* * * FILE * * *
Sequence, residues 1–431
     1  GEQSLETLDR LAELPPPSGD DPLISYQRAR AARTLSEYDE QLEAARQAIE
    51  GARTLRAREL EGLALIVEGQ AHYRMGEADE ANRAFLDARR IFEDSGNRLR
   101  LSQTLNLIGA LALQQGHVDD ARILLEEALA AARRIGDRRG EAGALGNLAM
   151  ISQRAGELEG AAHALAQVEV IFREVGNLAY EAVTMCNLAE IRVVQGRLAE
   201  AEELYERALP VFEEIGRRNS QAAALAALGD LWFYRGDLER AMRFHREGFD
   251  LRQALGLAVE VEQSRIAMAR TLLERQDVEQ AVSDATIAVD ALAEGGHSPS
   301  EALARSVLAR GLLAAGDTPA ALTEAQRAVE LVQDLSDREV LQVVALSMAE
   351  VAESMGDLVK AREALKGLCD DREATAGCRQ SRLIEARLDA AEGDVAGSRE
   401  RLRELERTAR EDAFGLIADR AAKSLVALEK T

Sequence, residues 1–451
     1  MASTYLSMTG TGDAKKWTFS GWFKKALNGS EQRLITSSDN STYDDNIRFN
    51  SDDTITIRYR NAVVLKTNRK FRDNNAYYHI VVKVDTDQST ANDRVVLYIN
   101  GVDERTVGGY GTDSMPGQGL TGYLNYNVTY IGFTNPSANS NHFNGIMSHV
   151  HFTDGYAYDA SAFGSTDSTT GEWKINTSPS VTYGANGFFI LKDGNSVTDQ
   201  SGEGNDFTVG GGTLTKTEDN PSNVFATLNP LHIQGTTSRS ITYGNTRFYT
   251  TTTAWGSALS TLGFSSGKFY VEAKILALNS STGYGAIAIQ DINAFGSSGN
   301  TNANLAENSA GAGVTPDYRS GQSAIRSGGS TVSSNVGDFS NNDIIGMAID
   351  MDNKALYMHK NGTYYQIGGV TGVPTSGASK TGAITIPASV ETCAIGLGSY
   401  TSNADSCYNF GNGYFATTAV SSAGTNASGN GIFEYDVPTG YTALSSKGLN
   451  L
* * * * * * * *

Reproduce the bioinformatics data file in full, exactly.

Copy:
Sequence, residues 1–431
     1  GEQSLETLDR LAELPPPSGD DPLISYQRAR AARTLSEYDE QLEAARQAIE
    51  GARTLRAREL EGLALIVEGQ AHYRMGEADE ANRAFLDARR IFEDSGNRLR
   101  LSQTLNLIGA LALQQGHVDD ARILLEEALA AARRIGDRRG EAGALGNLAM
   151  ISQRAGELEG AAHALAQVEV IFREVGNLAY EAVTMCNLAE IRVVQGRLAE
   201  AEELYERALP VFEEIGRRNS QAAALAALGD LWFYRGDLER AMRFHREGFD
   251  LRQALGLAVE VEQSRIAMAR TLLERQDVEQ AVSDATIAVD ALAEGGHSPS
   301  EALARSVLAR GLLAAGDTPA ALTEAQRAVE LVQDLSDREV LQVVALSMAE
   351  VAESMGDLVK AREALKGLCD DREATAGCRQ SRLIEARLDA AEGDVAGSRE
   401  RLRELERTAR EDAFGLIADR AAKSLVALEK T

Sequence, residues 1–451
     1  MASTYLSMTG TGDAKKWTFS GWFKKALNGS EQRLITSSDN STYDDNIRFN
    51  SDDTITIRYR NAVVLKTNRK FRDNNAYYHI VVKVDTDQST ANDRVVLYIN
   101  GVDERTVGGY GTDSMPGQGL TGYLNYNVTY IGFTNPSANS NHFNGIMSHV
   151  HFTDGYAYDA SAFGSTDSTT GEWKINTSPS VTYGANGFFI LKDGNSVTDQ
   201  SGEGNDFTVG GGTLTKTEDN PSNVFATLNP LHIQGTTSRS ITYGNTRFYT
   251  TTTAWGSALS TLGFSSGKFY VEAKILALNS STGYGAIAIQ DINAFGSSGN
   301  TNANLAENSA GAGVTPDYRS GQSAIRSGGS TVSSNVGDFS NNDIIGMAID
   351  MDNKALYMHK NGTYYQIGGV TGVPTSGASK TGAITIPASV ETCAIGLGSY
   401  TSNADSCYNF GNGYFATTAV SSAGTNASGN GIFEYDVPTG YTALSSKGLN
   451  L